Only nine plant managers took him up on the offer, and seven of them returned the machines after just three months.
Why did the machines fail? It wasn’t that the technology was crummy. Rather, salespeople had little reason to call on or prioritize low-volume customers when all the incentives of the sales process were aligned with turning out high-volume runs for their existing customers. Their potentially disruptive Novaplast technology got caught in a sustaining business model that was locked. Thus, the Novoplast had very little impact within the company. No one was at fault; it’s just the way that their manufacturing business model aligned.
Failure of “plug and play” EHRs
EHRs are following the same trajectory as the Novaplast machine. Health leaders see their disruptive potential. Yet most record systems are implemented as sustaining “plug and play” replacements for paper records, just as the Novaplast was implemented as a direct replacement for Nypro’s other molding machines. Clinicians using EHRs have little reason to use the new electronic system differently from the old paper system, and so EHRs often neither decrease cost nor increase quality. They’re just next year’s more expensive model of paper-based patient records.
No one is at fault; it’s just the way that the hospital business model aligns.
Fortunately, there are ways to avoid the trap of the sustaining business model and reap the benefits of harnessing EHRs as disruptive innovation. We offer two simple recommendations.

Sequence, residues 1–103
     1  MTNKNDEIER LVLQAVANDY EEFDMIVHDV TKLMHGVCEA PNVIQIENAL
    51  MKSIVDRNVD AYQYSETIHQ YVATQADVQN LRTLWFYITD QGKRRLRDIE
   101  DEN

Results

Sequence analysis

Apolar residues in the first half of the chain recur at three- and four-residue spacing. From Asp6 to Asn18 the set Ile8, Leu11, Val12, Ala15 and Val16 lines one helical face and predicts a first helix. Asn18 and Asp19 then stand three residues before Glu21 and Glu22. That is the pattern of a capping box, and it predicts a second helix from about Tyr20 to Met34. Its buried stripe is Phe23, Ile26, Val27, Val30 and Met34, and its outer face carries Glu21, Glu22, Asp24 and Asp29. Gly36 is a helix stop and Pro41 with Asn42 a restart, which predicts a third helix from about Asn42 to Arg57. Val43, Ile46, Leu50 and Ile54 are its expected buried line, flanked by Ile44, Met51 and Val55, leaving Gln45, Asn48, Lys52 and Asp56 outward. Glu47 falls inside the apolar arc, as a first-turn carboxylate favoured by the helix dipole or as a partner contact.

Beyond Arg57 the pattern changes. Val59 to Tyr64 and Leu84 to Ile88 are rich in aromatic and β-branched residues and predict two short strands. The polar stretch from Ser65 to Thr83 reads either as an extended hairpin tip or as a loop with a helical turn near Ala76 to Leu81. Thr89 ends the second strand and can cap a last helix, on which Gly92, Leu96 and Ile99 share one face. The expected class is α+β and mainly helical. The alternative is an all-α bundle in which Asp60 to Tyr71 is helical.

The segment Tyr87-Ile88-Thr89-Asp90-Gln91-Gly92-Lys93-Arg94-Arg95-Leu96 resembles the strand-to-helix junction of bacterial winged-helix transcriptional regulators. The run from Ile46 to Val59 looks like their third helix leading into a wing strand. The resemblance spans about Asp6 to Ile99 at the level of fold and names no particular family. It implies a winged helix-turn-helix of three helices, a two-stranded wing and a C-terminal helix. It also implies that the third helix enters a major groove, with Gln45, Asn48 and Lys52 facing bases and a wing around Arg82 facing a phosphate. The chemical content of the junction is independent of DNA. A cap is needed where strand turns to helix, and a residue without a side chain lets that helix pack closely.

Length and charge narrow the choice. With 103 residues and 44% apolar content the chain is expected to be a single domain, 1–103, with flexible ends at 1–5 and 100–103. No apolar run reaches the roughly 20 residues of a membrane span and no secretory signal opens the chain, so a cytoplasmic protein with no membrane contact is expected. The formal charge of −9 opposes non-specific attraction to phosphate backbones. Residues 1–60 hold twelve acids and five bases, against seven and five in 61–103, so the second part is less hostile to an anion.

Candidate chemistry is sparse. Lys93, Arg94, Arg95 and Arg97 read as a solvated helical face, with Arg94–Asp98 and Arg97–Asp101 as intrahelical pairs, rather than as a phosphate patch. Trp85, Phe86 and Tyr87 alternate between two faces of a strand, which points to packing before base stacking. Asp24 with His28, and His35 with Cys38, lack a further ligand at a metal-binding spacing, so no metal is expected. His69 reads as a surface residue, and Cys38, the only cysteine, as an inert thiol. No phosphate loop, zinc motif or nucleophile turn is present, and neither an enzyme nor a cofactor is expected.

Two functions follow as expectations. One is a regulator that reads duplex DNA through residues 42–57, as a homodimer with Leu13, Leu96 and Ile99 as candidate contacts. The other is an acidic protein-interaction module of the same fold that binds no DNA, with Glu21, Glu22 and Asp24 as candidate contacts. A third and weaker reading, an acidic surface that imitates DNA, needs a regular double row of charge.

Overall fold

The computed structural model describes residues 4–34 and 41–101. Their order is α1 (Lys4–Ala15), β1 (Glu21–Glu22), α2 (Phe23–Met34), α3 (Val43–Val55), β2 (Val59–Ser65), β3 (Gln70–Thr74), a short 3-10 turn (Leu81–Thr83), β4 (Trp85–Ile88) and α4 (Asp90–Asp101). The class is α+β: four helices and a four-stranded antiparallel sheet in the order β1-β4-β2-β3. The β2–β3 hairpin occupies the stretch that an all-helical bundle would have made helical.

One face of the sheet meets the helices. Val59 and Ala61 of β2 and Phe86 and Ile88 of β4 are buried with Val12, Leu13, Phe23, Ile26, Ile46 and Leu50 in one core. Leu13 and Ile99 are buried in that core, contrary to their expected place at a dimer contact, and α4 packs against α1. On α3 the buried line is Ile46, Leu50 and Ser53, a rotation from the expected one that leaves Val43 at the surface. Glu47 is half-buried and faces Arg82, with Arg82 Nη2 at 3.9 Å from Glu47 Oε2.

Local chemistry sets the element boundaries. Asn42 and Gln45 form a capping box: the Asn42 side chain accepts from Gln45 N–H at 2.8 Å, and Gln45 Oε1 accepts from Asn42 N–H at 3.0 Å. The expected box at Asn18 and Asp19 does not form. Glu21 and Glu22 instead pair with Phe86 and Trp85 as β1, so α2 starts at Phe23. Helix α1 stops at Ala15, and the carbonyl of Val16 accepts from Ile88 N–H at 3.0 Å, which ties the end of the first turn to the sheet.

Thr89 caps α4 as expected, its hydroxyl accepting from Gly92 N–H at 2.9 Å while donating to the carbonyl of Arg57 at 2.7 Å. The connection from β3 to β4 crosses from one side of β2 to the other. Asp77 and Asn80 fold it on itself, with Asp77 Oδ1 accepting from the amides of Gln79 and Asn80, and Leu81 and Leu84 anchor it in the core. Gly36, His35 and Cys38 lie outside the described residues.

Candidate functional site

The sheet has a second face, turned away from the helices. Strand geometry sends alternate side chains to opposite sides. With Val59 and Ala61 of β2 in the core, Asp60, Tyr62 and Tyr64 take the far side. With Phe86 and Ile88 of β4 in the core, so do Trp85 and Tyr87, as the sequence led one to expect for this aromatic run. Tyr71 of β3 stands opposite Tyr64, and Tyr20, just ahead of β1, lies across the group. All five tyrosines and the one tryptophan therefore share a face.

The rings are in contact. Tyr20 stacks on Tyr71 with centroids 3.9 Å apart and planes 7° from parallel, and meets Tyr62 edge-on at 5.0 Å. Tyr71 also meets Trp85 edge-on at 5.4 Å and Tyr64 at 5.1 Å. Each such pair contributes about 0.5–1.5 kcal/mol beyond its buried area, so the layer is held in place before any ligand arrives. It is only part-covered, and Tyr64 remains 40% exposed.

- EHR designers should create the systems based on the doctor’s job-to-be-done. Many EHR systems attempt to duplicate paper records, but for many doctors, paper records still cost less and are much more convenient than electronic versions. EHRs often do not conveniently provide the necessary patient information at every point in the care process. EHR designers need to think beyond fulfilling legal requirements and providing the same capabilities of a paper system to providing new and better organization, analysis, and information accessibility benefits that fit doctors’ true needs.
- EHR users must think beyond merely replacing their old record systems. By investing substantial amounts of financial and human capital in systems that do little more than replace paper records and bring in incentive money from the government, health care providers are setting themselves up for eventual failure. They will never see the promised benefits because the surrounding business model has not changed. Instead, EHR-using practices need to create teams with the authority to implement systems that use EHRs to replace not just paper-based record systems but also patient check-in, insurance processing, and all other information-limited processes. Companies such as Phreesia demonstrate how electronic records in disruptive business models could make many health care jobs simpler, lower cost, and higher quality. CVS MinuteClinic uses electronic records to not just record data, but also to guide practitioners through exams and automate peer-to-peer chart review. Facilitated networks could utilize EHRs based around patients’ needs. This type of innovation completely re-imagines the health care business model in a way that enables EHRs to keep their cost-cutting, effectiveness-increasing promises.